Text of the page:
Sunday, 23 December 2012

All Creatures Great and Small - solo show by Hildegunn Gravdal

Gallery@49 hosted an exhibition with a slight seasonal twist this December with a show of new mixed media work by Ascot based, Norwegian born, artist Hildegunn Gravdal.  If the gallery team had ever wanted an opportunity to run a community based project at the gallery that uses the current exhibition as a starting point, this would have been a great candidate.  There could have been a call out to children and parents alike to bring in all their broken, discarded, unwanted toys and have fun creating new creatures to add to the collection.  I remember a Christmas animation on TV when I was young, I think it may have been a version of 'Rudolph the Red-Nosed Reindeer', in which one elf wanted to make all the old and broken toys good again, the work in this exhibition brought to mind his efforts.

There was a darker side to the work as well, especially evident in the drawings pinned in a long display along the wall.  Here the work was more reminiscent of Scandinavian folklore, perhaps referencing Hildegunn's native home and up bringing.  There was one drawing that seemed to be 'Fanden the Fiend', a creature from Norwegian folklore usually depicted with horns and a goatee.  There is another famous legend 'The Volsunga Saga' about a ring and it's destruction on any creature that carries it, perhaps where Tolkien got his inspiration for the 'Lord of the Rings', and there is a Gollum like creature in both the story and in these drawings.

But all of the above is based on my own reactions, interpretation and understandings of the work in the gallery and associating the assorted displays and installations with my own personal history. Contemporary art should make the viewer think, question, reflect, have a good laugh, or feel unsettled, that's what makes it strong art and not mere decoration.  So though some of the passing public viewing the displays through the large gallery windows may have been quite perplexed with it all, I heard the odd comment from some questioning 'is that art', I found it all joyfully refreshing.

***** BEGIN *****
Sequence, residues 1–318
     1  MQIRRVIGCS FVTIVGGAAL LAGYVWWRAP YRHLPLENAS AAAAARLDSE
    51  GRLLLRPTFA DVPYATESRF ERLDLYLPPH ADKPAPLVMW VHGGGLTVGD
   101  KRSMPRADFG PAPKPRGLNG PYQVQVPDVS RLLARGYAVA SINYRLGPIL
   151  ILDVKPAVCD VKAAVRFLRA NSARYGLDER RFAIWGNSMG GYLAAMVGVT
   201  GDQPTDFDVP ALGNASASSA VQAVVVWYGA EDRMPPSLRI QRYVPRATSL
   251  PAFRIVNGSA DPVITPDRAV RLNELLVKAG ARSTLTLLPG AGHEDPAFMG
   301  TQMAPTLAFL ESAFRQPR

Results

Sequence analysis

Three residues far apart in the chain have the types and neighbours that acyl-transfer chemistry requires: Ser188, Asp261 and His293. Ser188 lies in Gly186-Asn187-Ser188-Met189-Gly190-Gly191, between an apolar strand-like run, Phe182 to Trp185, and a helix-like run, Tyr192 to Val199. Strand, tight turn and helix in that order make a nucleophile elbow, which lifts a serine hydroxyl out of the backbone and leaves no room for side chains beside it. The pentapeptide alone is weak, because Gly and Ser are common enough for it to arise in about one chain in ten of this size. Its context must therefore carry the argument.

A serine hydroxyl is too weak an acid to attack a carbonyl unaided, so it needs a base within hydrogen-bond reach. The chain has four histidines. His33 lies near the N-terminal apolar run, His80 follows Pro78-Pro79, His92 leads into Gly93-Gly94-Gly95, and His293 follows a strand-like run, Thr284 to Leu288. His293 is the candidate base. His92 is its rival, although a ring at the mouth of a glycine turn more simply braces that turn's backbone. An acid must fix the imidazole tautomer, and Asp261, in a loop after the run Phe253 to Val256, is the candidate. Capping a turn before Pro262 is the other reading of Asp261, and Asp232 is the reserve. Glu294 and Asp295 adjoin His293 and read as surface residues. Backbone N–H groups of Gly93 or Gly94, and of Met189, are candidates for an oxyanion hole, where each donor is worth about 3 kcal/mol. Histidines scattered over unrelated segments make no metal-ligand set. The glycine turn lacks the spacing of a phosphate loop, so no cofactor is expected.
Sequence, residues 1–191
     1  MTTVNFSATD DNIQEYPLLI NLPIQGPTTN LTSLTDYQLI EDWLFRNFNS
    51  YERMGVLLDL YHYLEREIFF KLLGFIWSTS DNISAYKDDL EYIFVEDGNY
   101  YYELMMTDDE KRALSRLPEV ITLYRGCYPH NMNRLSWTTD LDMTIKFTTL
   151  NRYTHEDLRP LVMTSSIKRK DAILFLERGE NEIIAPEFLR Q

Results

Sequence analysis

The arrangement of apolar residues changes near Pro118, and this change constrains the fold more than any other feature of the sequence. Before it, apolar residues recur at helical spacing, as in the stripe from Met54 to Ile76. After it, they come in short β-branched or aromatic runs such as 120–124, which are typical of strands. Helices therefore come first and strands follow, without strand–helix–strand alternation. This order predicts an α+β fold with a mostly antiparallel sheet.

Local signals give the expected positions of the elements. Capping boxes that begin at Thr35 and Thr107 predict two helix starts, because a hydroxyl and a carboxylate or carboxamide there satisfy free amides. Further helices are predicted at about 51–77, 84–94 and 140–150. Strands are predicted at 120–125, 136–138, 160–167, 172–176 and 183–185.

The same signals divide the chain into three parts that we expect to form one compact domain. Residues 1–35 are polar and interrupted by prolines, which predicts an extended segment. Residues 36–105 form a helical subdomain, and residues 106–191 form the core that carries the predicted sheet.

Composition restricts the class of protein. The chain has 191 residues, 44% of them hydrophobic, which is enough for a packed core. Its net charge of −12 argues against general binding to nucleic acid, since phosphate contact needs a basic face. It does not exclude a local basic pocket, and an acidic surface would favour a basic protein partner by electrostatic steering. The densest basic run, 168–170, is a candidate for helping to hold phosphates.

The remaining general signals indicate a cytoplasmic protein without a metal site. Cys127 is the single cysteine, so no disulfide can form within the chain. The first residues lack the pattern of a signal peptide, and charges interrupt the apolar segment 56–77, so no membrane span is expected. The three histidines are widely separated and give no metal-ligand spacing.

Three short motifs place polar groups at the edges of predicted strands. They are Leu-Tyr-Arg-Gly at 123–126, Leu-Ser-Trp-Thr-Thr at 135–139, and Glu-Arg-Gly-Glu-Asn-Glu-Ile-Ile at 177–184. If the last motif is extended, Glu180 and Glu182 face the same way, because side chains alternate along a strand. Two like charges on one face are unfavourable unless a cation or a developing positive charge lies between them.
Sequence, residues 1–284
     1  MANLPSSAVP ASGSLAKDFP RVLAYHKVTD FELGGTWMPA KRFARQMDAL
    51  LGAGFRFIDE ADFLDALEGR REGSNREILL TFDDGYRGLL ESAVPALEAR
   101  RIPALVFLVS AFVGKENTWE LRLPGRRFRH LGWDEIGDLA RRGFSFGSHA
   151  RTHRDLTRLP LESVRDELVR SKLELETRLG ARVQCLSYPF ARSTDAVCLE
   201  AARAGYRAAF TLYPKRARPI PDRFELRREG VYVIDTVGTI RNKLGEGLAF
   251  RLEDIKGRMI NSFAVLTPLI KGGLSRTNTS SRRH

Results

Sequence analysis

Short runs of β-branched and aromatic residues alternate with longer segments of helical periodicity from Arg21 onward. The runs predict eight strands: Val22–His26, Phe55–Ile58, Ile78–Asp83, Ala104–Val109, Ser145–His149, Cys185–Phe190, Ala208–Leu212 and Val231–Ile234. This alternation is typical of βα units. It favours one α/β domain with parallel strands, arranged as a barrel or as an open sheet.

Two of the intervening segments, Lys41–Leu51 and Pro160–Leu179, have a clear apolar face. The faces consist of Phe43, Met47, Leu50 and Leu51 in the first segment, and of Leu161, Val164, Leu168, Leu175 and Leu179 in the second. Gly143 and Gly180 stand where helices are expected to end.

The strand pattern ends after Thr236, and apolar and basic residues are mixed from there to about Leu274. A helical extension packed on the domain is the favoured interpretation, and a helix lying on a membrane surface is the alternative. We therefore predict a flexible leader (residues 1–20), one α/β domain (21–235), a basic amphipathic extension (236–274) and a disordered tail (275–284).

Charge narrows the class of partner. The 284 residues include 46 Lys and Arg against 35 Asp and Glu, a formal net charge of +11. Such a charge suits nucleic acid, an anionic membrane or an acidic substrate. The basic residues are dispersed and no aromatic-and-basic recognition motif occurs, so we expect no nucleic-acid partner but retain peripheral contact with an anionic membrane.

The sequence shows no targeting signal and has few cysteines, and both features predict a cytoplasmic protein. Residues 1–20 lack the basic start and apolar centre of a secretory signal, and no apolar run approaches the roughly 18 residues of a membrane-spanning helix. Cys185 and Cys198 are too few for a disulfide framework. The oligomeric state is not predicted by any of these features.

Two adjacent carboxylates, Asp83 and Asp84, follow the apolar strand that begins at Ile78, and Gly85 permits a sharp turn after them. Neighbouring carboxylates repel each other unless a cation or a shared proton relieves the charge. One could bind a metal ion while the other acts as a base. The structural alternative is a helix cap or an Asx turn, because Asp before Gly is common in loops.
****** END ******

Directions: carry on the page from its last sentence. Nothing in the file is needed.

Drawings and detail of installations in 'All Creatures Great and Small'
by Hildegunn Gravdal

Hildegunn's statement for the exhibition said it was to be a "lighthearted comment on evolution, mutation, and hybridization". She is inspired by an interest in and love of natural history exhibits and collections and their obsession with naming and classification. This exhibition is homage to the early fossil hunters and scientists, their vivid imagination and irreverent disregard for creationism despite controversy.  In all it was another good exhibition highlighting the diverse work done by artists from across the region, it's still on view through the windows till early January.  Perhaps if your going into Bracknell town centre for the 'after Christmas sales' you should wander down to the end of Crossway, have a look and see what you think!

Sunday, 2 December 2012

'In my Mind's Eye' - a review by Barbara Gorska

Our foreign correspondent, young Barbara Gorska, will soon be departing the 'Grey Zone' to return to her studies in her home town of Krakow, Poland. She's had some good exposure to life after University and experienced some of the realities of trying to survive as an artist - like a cold studio, lack of access to desired facilities or equipment, and even a bit of struggling for inspiration in her own artistic endeavours. But she's come through it stronger, wiser, and with some interesting new work. In the meantime she has covered one last exhibition for me, painter David Wilson's recent exhibition at Gallery@49 in Bracknell town centre. She writes:

David Wilson’s rather large-sized paintings depict a paradox: The structures portrayed in the paintings are simple yet they consist of an incredibly complex compilation of shapes. The use of symmetry and bold colour palette intensify this effect even more. The viewer is intrigued by what the shapes might depict - there seems to be countless ways of interpretation.  
These kind of minimalistic and symmetrical images remind me of one aspect of Eastern European folk art, especially present in Poland and Ukraine. Wycinanki (paper cut outs) are geometrical images made in the process of folding colourful paper and cutting shapes into it. When unfolded the cuts form a beautiful symmetrical image.
This exhibition leaves the viewer fascinated with what Wilson’s future project might lead him to: will his paintings become more complex? Or will he want to simplify his works even further? It is all “in his mind’s eye.” BG

Two examples of Polish folk art with David Wilson's work 'Oh, for a better life' (centre)